4 of 5 Gulf enterprises rely solely on usernames and passwords
More than four out of five large enterprises in the GCC (Gulf Cooperation Council) region currently rely solely on username and passwords for corporate network authentication, according to Microsoft’s “Digital Transformation Survey.”
The GCC consists of Kuwait, Saudi Arabia, Qatar, Bahrain, the United Arab Emirates, and Oman. Close to 11 percent of enterprises in these countries use 2FA SMS notification with usernames and passwords, seven percent use fingerprint scanning, and slightly less than 1 percent use facial recognition. Small and medium enterprises in the region are slightly more likely to use facial recognition (1.08 percent) than are large enterprises (0.74 percent), according to the survey results.
“The findings clearly show that many of the region’s enterprises have a long way to go to create secure environments for their customers, employees and their intellectual property,” said Mohammed Arif, Regional Director of Modern Workplace and Security for Microsoft Gulf. “Traditional security models have focused on layered perimeter defence and building ‘better walls.’ Today, organizations need to have an always-on and multifaceted approach to security that constantly protects all endpoints, detects the early signs of a breach, and responds before that threat can cause damage. Modern cloud-based automated tools, including analytics based on machine learning and artificial intelligence, can help expedite response.”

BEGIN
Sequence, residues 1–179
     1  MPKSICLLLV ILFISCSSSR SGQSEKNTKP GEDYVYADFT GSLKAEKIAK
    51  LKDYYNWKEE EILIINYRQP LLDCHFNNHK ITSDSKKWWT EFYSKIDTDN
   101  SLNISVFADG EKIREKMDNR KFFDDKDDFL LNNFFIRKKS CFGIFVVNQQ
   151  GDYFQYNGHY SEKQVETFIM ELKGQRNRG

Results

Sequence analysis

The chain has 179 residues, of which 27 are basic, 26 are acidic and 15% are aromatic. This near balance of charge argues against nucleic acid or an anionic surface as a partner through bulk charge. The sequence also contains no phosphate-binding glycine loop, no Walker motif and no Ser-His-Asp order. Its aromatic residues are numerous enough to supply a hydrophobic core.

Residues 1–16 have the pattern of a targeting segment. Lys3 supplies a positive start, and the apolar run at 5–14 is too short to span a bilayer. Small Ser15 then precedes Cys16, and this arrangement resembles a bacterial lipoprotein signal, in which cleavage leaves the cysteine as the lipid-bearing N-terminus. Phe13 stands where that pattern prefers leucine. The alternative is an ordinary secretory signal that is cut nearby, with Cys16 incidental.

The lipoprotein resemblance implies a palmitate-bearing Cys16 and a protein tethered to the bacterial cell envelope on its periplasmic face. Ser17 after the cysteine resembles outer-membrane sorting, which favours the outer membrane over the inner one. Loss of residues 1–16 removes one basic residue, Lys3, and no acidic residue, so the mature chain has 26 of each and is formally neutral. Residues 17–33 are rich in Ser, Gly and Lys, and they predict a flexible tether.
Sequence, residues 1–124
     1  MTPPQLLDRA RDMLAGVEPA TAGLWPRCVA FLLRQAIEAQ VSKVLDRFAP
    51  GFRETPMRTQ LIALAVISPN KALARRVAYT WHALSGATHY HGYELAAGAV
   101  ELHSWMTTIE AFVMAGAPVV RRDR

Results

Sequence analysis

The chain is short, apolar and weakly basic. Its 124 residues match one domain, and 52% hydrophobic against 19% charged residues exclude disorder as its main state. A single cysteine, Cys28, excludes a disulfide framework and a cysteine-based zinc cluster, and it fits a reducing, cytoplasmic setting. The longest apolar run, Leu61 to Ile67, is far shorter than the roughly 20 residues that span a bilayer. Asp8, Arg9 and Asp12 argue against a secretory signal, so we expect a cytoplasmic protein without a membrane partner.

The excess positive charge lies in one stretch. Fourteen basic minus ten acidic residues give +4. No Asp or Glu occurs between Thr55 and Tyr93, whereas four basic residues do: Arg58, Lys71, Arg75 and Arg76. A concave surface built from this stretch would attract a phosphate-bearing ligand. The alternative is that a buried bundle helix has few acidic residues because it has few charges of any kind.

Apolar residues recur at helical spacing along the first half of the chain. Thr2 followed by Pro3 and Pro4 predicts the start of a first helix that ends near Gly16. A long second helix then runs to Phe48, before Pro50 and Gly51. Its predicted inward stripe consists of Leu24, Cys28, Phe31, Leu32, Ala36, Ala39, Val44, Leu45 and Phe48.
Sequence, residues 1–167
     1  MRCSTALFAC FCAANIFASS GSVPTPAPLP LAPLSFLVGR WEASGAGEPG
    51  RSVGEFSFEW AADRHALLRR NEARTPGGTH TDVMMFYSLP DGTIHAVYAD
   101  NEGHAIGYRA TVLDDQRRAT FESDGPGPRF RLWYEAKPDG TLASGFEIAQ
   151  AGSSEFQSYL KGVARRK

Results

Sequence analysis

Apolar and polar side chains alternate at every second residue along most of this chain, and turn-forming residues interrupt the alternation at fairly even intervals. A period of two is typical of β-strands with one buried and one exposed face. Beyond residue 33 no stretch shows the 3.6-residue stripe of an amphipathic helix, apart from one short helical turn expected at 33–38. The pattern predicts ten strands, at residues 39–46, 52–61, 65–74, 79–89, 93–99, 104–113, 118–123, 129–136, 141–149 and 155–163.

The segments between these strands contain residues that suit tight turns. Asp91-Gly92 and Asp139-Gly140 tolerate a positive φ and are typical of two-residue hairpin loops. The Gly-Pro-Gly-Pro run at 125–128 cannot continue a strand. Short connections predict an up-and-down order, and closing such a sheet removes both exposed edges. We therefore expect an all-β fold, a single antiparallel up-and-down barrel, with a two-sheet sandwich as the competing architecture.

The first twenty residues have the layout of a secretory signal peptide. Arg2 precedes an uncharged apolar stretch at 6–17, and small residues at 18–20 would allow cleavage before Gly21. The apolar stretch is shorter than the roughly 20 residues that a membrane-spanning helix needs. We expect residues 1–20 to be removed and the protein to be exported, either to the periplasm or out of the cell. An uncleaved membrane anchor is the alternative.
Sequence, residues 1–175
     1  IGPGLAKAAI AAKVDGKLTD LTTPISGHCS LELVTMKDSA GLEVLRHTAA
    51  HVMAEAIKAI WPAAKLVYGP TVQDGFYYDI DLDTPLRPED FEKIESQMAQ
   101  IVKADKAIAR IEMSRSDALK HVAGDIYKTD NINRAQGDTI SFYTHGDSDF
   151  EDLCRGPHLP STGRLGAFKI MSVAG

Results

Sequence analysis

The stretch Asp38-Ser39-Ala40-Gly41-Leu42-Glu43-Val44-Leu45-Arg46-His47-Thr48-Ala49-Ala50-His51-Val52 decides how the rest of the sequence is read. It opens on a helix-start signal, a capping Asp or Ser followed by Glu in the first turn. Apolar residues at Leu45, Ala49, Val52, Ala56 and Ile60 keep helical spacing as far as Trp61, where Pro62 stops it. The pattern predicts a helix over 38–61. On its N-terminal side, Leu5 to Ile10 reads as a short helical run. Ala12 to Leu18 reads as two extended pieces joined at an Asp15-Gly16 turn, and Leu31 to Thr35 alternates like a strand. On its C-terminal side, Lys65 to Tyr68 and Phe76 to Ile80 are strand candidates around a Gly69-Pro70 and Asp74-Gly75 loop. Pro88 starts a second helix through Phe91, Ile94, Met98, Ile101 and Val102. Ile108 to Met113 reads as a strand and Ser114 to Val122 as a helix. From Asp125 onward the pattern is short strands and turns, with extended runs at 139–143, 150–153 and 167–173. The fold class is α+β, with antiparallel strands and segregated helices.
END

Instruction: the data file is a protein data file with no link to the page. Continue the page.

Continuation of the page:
Enterprises in the region also lag in other areas of digital security, reporting significant amounts of spam and other malicious emails, and 61 percent if those surveyed say they do not have a data classification solution in place to separate files by degree of data sensitivity.
Suprema set up a new operation in the Dubai Airport Free Zone earlier this year to capitalize on the region’s demand for new digital technologies.